Follow these key methods from TED Talks to create branded content your audience will love.
They usually start with a story. A personal story. There’s often humor of the self-deprecating kind. The best of them create memorable moments that eventually connect to their big idea. That’s the secret of TED Talks and brands can learn a few lessons from the key ingredients that make these compelling videos inform, engage, and inspire their audiences.
Start with Small Moments
In 2014, Author Elizabeth Gilbert gave her second TED Talk, Success, Failure, and the Drive to Keep Creating. She opens it with a short story about being at JFK airport when two women approach and ask her if she had something to do with that book, Eat, Pray, Love.
“Yes, I did,” she tells them. One woman turns to her friend and says, “See, I told you, that’s the girl who wrote the book based on that movie.”
The audience laughs and Gilbert chuckles at her own fame. Gilbert uses this quip as a platform to describe the pressure that follows to create something bigger and better. Eventually, she makes a poignant comparison about the struggles of her early days as a writer to her struggle to write a successful follow up to her breakout “mega hit.”
Small, personal moments act as powerful door openers to your bigger ideas.
They create tangible hooks to ease your readers into bigger, abstract ideas. People can relate to a moment at the airport, the ordinariness of the scene, the women who approach Gilbert. And when Gilbert laughs at herself, she punctures the haze of her celebrity, making her more ordinary, too.
I recently discovered Guy Winch’s talk, Why We All Need to Practice Emotional First Aid and it’s a potent example of connecting a personal story to a bigger message. Guy shares the emotional pain he experienced when he left his twin brother and moved to New York to study psychology. At one point, his loneliness causes him to distrust whether his brother will call on their birthday. Loneliness, and failure, Guy asserts “distort our perceptions and scramble our thinking.” But learning to apply emotional hygiene, as he calls it, can alleviate your distress.
Guy’s message resonates for the audience because he takes us step by step through his own emotional journey. We feel his bond with his twin and his pain when his brother is diagnosed with cancer.
First person storytelling works because we’d all love to know what each other is thinking.
Think of the most popular and enduring novels that were written in a first person point of view (One Flew Over the Cuckoos’ Nest, The Great Gatsby, Gone Girl). When this translates to non-fiction, the results are as powerful. We sit up and listen to the expert who shares her real story, who reveals his motivation, who admits defeat and explains how she rose from failure to success.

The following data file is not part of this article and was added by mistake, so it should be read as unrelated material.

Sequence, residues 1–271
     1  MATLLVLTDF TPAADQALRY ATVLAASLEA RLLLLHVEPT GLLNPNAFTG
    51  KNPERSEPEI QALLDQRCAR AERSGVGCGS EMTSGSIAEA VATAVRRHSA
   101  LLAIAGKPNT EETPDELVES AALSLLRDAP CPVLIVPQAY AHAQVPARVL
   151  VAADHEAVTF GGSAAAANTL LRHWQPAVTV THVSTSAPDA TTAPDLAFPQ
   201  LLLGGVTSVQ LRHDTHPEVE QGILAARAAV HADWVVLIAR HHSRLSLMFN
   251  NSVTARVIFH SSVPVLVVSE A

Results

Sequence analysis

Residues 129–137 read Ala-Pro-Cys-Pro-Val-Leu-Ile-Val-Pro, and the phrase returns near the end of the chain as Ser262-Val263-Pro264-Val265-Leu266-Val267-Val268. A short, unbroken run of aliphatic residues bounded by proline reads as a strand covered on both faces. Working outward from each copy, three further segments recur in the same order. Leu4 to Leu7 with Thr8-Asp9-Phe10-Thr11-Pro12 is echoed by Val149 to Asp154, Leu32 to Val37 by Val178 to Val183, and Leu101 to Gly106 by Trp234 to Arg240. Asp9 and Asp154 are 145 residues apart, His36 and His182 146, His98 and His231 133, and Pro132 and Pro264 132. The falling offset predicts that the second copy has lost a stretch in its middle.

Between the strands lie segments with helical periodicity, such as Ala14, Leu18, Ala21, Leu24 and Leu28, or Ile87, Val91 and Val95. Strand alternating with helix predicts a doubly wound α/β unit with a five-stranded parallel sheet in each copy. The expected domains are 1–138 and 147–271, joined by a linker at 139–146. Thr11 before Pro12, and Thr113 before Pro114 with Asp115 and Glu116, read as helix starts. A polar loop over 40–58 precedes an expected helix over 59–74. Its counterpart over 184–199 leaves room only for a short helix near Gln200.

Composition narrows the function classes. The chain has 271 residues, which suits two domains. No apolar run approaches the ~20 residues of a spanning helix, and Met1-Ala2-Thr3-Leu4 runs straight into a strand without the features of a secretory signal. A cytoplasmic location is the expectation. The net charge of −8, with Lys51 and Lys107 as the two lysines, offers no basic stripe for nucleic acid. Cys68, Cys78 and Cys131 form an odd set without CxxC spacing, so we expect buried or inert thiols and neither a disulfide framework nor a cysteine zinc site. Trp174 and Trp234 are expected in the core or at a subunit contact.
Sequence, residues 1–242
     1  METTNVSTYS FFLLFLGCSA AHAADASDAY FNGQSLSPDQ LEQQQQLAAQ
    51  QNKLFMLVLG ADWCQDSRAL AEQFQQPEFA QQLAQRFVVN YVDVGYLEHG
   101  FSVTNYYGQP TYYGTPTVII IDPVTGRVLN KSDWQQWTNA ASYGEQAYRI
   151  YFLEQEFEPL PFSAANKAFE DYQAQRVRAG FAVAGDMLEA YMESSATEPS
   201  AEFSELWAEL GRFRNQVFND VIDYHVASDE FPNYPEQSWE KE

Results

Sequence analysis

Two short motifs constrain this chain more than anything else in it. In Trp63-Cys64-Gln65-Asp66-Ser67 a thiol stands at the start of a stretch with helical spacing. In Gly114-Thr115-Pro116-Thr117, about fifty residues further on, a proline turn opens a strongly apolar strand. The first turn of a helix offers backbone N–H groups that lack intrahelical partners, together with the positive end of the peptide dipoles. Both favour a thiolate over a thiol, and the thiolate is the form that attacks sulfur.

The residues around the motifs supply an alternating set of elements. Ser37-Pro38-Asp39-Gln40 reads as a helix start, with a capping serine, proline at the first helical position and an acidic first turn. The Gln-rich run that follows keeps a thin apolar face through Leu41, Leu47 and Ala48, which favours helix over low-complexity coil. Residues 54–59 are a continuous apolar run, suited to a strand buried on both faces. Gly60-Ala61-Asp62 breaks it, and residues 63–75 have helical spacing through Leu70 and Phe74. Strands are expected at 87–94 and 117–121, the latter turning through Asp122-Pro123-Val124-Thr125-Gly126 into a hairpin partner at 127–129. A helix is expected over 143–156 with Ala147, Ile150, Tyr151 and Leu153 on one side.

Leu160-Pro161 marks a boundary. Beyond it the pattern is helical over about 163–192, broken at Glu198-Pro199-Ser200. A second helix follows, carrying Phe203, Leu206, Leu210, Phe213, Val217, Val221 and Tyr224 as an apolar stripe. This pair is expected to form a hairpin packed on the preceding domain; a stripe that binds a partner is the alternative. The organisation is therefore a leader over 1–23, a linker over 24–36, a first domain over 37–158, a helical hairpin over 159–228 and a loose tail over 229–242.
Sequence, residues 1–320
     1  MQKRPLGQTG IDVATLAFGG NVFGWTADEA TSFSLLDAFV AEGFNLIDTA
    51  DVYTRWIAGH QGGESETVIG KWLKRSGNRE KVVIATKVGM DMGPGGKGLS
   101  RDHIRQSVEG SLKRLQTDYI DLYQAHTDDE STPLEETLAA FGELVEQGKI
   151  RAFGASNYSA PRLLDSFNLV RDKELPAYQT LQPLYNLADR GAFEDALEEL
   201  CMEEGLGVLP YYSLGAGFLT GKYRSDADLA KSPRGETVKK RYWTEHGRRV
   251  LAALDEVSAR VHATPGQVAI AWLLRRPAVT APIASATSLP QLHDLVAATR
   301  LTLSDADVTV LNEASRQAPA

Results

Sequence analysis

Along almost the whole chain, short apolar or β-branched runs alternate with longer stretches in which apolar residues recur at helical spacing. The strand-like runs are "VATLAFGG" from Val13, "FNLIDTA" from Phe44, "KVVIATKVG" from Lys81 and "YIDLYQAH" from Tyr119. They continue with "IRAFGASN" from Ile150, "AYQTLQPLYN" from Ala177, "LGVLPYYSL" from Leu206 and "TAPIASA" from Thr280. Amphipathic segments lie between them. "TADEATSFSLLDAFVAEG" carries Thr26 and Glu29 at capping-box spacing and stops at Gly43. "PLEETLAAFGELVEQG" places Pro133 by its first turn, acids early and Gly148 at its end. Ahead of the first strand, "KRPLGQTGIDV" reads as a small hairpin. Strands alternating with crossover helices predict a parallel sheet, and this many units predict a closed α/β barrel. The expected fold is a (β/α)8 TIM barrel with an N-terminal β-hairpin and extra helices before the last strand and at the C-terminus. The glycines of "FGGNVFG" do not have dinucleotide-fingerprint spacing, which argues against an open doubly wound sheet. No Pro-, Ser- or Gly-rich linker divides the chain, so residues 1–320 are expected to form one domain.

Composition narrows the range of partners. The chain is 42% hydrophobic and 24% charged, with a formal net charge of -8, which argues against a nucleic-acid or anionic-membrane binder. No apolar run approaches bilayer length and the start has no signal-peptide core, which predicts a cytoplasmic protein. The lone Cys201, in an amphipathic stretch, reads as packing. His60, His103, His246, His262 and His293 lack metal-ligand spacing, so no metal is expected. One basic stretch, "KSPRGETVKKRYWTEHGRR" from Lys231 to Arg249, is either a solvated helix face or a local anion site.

It’s tempting for B2B marketers to shun first person content as too personal, as inappropriate for their brands. Don’t fall for that. Customers relate to people. Our current culture fosters and embraces first person sharing on social media. One leader, writing in the first person, can instantly humanize a brand. Or, let your corporate marketers loose with first person stories to add personality to your site. Brands should explore ways to trickle first person authorship into all their forms of content.
In his humorous and popular TED talk, The Happy Secret to Better Work, Shawn Achor opens with a scene when he and his sister are seven and five years old and she falls from the top of the bunk bed. He tells the story play by play, adding hilarious quips along the way. “And on one side of the bunk bed, I had put out all of my G.I. Joe soldiers and weaponry. And on the other side were all my sister’s My Little Ponies ready for a cavalry charge.”
Most of us can relate to playing games with soldiers, Barbies, ponies, or other action figures when we were children. The specificity of the “G.I. Joe soldiers” and “My Little Ponies” paint a picture that draws us into Achor’s bigger message.
When it comes to “showing” versus “telling,” it’s essential to drive down to the smallest details.
Be specific. The irony is that the more specific the detail, the more people can relate to it. Details build connections. And connections engage readers.
Vulnerability Earns Trust
In her TED talk, The Power of Vulnerability, Brene Brown said it best, “In order for connection to happen, we have to allow ourselves to be seen.” Personal stories work when we reveal ourselves. And this takes guts. There’s no getting around it. The more we share of ourselves, the more our audience connects with our basic humanity. It’s the secret sauce of great content.
When I first started writing my parenting blog, Mommy Truths, I kept my readers at arms’ length, afraid to share too much of myself. Over time, I loosened up and started revealing the more challenging moments of motherhood. In one post, I described my lame attempt to cut my five-year-old daughter’s hair and the risks in trying to parent with scissors. A reader posted a comment with details of her own bad haircut memory. Vulnerability attracts compassion and reader interest.
Strong marketers have learned how to finesse the essence of vulnerability on social media channels.
Leaders can reveal themselves and their very human moments in blog posts and selective tweets. We all fail. Our willingness to describe what we learn from failure can earn an audience’s trust and loyalty. And that builds a brand’s character.